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Dodgers' pitching situation isn't ideal

With some starters battling injuries and illness, Manager Don Mattingly says 'we're fluid.' The scenarios for the start of the regular season are cloudy.

March 19, 2013|By Dylan Hernandez, Los Angeles Times
  • The Dodgers scratched flu-ridden Josh Beckett from his Monday start.
The Dodgers scratched flu-ridden Josh Beckett from his Monday start. (Marcio Jose Sanchez / Associated…)

PHOENIX — — If not for their surplus of starting pitchers, these might be anxious days for the Dodgers.

In the last 24 hours, the Dodgers scratched flu-ridden Josh Beckett from his Monday start, classified Chad Billingsley as "kind of doubtful" for his Tuesday assignment because of a bruised finger and made plans for previously sore-elbowed Zack Greinke to pitch Wednesday.

"The scenarios have been changed a lot lately," Manager Don Mattingly said.

The Dodgers came to spring training knowing the state of their rotation was an issue. By adding Greinke and Hyun-Jin Ryu in the off-season, baseball's biggest spenders had eight highly paid starters, including Clayton Kershaw, Chris Capuano, Aaron Harang and Ted Lilly.

This luxury resulted in some logistical problems. Finding the innings to build up everyone's arm strength has been a challenge. And the Dodgers still must determine who will be part of the five-man rotation, moved into relief roles or possibly traded.

The recent run of minor ailments and illnesses has further muddled the situation. Or, as Mattingly said, "We're fluid."

At least there is stability at the top of the rotation. Kershaw appears to be near regular-season form and remains in line to make his third consecutive opening-day start.

Greinke's recent elbow issues all but eliminated him as a candidate to start the Dodgers' second regular-season game, on April 2 against the San Francisco Giants.

Greinke will pitch Wednesday, probably in a minor league game. He is also scheduled to pitch March 25 and March 30. That means the earliest he could pitch in the regular season would be in the fourth game, on April 5.

But it's unknown whether Greinke can build up sufficient arm strength by then. His last start was March 1 and he has pitched five innings this spring. He doesn't appear to be in any rush, pointing out, "Our team, we've got other starting pitchers."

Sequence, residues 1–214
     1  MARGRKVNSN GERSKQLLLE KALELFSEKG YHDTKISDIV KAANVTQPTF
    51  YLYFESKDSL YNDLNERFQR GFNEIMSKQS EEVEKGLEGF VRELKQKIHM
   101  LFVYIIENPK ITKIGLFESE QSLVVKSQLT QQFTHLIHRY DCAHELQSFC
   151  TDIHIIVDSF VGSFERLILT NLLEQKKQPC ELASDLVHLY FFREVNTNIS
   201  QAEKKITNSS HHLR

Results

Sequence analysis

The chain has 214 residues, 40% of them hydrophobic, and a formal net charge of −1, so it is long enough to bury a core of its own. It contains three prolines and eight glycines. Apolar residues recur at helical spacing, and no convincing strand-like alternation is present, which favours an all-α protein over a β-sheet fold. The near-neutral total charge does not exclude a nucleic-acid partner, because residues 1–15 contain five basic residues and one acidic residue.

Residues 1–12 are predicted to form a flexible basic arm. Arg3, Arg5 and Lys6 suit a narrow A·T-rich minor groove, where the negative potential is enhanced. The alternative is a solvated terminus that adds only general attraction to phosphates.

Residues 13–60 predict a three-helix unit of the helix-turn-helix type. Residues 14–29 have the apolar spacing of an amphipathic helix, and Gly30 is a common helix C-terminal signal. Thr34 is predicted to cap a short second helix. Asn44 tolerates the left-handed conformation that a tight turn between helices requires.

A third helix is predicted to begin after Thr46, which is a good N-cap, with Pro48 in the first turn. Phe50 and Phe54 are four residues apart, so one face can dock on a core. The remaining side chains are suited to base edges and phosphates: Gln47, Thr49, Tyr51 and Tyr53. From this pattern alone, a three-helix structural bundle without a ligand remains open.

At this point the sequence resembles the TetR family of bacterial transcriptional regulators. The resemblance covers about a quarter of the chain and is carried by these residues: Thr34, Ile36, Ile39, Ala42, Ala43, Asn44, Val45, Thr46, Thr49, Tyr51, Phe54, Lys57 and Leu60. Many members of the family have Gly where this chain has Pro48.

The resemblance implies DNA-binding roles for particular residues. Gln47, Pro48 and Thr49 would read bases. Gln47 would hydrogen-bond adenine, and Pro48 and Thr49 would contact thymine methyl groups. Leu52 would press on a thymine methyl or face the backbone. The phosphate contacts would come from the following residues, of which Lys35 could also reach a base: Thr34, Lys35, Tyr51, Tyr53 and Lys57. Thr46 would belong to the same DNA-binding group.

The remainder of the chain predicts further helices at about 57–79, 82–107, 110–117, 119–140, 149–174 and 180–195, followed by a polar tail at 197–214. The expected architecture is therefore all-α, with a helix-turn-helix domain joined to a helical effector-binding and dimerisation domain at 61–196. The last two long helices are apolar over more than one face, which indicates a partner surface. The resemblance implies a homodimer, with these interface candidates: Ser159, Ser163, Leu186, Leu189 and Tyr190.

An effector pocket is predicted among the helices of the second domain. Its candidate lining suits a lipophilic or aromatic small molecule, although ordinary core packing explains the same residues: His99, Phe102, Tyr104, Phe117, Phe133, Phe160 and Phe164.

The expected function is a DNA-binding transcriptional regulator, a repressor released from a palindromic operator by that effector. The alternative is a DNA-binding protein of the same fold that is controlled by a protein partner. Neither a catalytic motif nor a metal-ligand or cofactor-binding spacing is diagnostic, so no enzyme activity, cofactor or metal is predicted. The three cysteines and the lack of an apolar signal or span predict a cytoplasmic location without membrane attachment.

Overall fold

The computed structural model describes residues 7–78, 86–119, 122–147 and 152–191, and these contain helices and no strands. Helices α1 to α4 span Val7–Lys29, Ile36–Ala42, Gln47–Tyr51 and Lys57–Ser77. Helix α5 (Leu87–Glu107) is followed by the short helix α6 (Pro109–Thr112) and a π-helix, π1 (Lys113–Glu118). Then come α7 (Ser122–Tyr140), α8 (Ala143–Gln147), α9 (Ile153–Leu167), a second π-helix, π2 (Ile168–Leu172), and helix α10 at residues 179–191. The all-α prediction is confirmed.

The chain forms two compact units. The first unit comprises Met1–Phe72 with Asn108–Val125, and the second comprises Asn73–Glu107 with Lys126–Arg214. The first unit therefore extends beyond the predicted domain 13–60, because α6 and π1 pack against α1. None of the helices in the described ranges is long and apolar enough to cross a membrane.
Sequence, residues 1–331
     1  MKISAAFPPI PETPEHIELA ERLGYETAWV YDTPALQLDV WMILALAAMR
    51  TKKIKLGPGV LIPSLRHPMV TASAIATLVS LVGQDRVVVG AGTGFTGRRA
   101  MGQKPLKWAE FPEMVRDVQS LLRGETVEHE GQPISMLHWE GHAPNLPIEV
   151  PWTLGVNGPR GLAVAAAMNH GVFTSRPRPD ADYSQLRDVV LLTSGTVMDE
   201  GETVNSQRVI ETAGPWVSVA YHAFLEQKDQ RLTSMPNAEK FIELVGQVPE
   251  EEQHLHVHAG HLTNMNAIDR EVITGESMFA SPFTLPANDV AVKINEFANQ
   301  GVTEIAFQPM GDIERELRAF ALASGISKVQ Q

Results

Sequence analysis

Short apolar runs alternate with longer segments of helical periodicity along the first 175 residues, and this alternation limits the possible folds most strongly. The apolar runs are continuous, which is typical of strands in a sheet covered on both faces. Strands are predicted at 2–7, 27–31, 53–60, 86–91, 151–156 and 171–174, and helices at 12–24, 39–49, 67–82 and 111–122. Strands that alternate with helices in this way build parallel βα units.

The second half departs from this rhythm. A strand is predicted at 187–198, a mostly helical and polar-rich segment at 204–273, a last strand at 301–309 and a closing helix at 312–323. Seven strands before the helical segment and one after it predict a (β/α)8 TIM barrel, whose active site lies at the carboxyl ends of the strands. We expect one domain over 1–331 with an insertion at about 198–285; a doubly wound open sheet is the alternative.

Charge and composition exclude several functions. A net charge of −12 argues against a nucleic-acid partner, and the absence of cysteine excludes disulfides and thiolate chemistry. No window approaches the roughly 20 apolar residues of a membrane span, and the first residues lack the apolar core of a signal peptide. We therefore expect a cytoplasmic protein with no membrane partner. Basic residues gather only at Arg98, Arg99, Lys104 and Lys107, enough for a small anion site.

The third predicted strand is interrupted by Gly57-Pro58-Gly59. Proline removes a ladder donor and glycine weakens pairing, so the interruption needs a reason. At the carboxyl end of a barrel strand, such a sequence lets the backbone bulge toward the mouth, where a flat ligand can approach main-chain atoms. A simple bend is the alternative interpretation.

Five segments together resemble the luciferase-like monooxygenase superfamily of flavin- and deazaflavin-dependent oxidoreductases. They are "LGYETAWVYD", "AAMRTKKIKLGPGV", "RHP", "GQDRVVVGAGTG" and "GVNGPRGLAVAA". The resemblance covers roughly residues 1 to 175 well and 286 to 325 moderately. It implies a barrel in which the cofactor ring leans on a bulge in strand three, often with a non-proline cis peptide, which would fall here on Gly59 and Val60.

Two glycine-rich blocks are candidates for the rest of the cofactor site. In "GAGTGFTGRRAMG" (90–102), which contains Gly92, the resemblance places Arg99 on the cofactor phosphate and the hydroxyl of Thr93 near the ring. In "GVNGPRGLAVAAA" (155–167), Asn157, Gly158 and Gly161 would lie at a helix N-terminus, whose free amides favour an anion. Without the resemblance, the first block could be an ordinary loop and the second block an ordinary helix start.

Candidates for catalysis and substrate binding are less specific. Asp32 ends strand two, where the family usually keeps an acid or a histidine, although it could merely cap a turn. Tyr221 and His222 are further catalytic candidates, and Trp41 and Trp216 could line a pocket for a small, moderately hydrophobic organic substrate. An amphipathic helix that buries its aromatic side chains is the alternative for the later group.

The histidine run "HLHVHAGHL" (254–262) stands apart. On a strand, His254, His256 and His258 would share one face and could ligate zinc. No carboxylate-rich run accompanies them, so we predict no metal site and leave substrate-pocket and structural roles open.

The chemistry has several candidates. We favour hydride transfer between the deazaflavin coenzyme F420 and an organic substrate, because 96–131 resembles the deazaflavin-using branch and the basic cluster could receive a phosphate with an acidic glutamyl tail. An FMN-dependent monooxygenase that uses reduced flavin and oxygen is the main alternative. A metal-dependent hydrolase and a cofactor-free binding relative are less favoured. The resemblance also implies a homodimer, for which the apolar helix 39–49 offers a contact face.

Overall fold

Billingsley was supposed to start a Cactus League game Tuesday but will probably be pushed back after his index finger was bruised in a bunting drill. Mattingly said Billingsley is tentatively scheduled to pitch next on Saturday, which would line him up to start April 2.

Ryu, the $62-million rookie left-hander from South Korea, will be on the same pitching schedule as Billingsley. That will give the Dodgers cover in case Billingsley isn't ready for the start of the regular season. If Billingsley can make his first scheduled start of the regular season, Ryu is likely to end up as the fifth starter.

Battling flu, Beckett was scratched from his scheduled Cactus League start Monday but pitched in a simulated game. If he remains on schedule, he will begin the season as the Dodgers' No. 3 starter.

If Kershaw, Greinke, Billingsley, Beckett or Ryu can't pitch at the start of the season, Lilly is unlikely to be called on to be a replacement. Lilly was behind the other pitchers when he reported to camp because he was recovering from an off-season shoulder operation. His pitching schedule has been disrupted by flu and a hailstorm.

"At this point, it's real hard to get Ted built up to 90 pitches," Mattingly said.

Although Capuano and Harang could step into the rotation if necessary, their recent form has probably diminished their trade value. Capuano, who will start against the Oakland Athletics on Tuesday in Billingsley's place, has a spring earned-run average of 10.61. Harang is better, but not by much. His ERA is 10.00.

Short hops

Outfielder Tony Gwynn Jr. accepted a reassignment to minor league camp. … Reliever Kenley Jansen became a father Saturday night, when his fiancee gave birth to a girl, Natalia Hana Jansen.

dylan.hernandez@latimes.com

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